Old Flame: A Jackson Steeg Novel
Three Rivers, 2008 (2008)
Reviewed by Tim Davis
ey, fans of tough, hard-boiled crime novels. Listen up. It is now time to enjoy a 275-page adrenaline rush. Dark, manic, harrowing, and humorous, the most highly recommended
has it all - revenge, brutality, kidnapping, graft, mystery, and, of course, just to keep things moving along briskly, some really nasty, mean-spirited murders.
ra Berkowitz's latest, not-to-be-missed Jackson Steeg novel opens when Steeg's ex-mother-in-law asks for (and his ex-wife repeats the request for) his help. Here is the problem: Death threats have culminated in the ex-wife's third husband's (Tony Ferris') murder. The question is this: whodunit?
aunted by assorted demons, monsters, and snakes in his head, Steeg, recovering as an alcoholic and a medically retired gunshot victim from the NYPD, knows that he shouldn't but nevertheless reluctantly gets involved in what should be a straight-forward police matter. But the cops - for their own reasons - seem less than motivated, so Steeg grudgingly sets about the dirty business of making '
' for a woman he no longer loves (and for a former mother-in-law that no one could possibly love) even though the woman he now loves (advertising executive Allie Lebow) is not at all pleased about Steeg's renewed relationship with the woman he divorced ten years ago. So much for Steeg's complicated relationships.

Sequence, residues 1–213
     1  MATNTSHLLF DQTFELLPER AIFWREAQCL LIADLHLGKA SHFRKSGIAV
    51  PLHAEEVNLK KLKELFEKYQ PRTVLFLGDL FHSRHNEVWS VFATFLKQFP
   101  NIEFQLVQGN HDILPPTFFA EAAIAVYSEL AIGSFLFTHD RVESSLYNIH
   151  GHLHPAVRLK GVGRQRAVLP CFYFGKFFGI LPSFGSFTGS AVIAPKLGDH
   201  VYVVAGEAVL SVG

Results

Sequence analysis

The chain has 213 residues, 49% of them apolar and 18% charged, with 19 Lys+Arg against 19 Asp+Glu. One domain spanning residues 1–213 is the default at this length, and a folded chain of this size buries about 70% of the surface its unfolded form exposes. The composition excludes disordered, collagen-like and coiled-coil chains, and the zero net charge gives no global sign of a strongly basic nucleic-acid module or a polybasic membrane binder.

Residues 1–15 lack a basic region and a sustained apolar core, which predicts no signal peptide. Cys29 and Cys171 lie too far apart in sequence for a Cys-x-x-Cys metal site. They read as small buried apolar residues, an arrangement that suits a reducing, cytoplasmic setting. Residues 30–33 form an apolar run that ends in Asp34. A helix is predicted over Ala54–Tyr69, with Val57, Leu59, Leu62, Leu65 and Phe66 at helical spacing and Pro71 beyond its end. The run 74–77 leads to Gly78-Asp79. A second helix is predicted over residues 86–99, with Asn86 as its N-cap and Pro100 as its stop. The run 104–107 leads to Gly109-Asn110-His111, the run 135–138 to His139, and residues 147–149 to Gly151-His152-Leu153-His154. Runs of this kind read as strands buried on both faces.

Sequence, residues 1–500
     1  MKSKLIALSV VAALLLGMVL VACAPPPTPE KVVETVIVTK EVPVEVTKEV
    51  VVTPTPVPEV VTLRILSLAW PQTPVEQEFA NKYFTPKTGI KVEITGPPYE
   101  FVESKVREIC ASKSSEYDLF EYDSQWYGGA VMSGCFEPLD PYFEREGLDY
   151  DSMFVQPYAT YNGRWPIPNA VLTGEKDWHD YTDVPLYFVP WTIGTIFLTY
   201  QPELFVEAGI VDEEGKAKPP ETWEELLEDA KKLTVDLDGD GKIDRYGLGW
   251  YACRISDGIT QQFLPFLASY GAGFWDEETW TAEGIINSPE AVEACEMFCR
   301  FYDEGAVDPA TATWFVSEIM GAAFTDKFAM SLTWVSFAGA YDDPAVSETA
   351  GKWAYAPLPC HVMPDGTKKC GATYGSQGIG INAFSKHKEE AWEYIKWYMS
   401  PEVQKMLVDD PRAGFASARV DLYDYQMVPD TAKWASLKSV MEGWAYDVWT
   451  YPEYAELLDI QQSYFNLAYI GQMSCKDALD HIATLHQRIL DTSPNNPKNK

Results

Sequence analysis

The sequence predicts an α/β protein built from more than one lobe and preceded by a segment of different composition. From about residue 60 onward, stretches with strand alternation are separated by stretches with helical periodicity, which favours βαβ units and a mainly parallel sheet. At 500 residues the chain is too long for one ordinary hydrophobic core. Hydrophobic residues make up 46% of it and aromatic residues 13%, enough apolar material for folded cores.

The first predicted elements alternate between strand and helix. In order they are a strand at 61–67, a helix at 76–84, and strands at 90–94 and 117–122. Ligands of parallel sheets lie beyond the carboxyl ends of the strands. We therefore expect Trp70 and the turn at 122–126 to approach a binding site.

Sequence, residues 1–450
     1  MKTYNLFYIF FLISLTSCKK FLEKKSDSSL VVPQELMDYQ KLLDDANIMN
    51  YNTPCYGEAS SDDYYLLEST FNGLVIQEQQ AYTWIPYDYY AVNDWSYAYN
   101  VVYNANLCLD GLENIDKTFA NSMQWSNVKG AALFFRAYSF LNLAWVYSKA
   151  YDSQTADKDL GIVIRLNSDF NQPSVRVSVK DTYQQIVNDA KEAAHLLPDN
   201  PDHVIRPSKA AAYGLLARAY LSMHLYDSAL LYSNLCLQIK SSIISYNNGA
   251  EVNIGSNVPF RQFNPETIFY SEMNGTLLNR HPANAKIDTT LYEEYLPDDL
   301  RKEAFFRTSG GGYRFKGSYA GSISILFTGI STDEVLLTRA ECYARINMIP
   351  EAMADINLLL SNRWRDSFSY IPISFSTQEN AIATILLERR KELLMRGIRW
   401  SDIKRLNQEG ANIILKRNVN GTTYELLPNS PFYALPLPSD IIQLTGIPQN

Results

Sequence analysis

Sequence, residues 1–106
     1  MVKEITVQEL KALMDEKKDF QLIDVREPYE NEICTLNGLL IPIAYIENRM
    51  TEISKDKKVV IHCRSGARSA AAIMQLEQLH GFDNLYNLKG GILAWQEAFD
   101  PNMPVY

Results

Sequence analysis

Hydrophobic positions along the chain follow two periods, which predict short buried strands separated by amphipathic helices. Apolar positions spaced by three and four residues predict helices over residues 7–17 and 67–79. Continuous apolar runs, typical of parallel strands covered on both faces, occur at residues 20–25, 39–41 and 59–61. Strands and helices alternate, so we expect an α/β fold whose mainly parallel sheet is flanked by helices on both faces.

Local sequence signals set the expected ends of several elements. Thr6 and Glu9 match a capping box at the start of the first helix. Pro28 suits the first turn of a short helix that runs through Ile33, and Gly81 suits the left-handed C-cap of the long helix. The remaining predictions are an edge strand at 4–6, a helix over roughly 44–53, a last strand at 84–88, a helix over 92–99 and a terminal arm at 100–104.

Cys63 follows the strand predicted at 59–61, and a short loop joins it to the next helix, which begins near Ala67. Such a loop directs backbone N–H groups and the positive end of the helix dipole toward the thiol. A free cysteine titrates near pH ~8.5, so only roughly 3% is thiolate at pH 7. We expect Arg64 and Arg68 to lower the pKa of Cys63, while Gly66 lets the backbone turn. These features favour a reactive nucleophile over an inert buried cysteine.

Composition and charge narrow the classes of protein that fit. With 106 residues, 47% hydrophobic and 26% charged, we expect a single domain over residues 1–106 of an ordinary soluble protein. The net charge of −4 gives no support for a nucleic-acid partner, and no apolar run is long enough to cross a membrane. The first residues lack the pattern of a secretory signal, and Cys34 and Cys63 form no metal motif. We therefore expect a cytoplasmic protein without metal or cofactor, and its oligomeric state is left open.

ell, quicker than you can say '
There's something rotten in New York City,
' Steeg finds himself entangled in a sordid web of jealousy, bigotry, corruption, and violence. Even though Steeg wants to simply find out what happened to his ex-wife's dead husband, there are plenty of obstacles: A friend's entrepreneurial (though felonious) spirit runs afoul of the homicidal leader of the local Jewish mob; Steeg's brother - a very dangerous fellow with an unsavory reputation - raises the stakes with his considerable involvement in the action; a city official's fondness for money and women tries everyone's patience; and, in the midst of all the chaos, Steeg's biggest challenge is anything but simple: staying alive.
ritten with the kind of raw power that would have impressed Mickey Spillane and Ed McBain,
(like its predecessor
) is absolute proof that Ira Berkowitz is the new wise guy on the block in the world of noir crime fiction. For fans of crime fiction, the bottom line is this: you'll love Steeg, you'll love Ira Berkowitz, and you'll love
. Don't miss it! (And, of course, like me you will be waiting impatiently for the next installment in the Jackson Steeg series:
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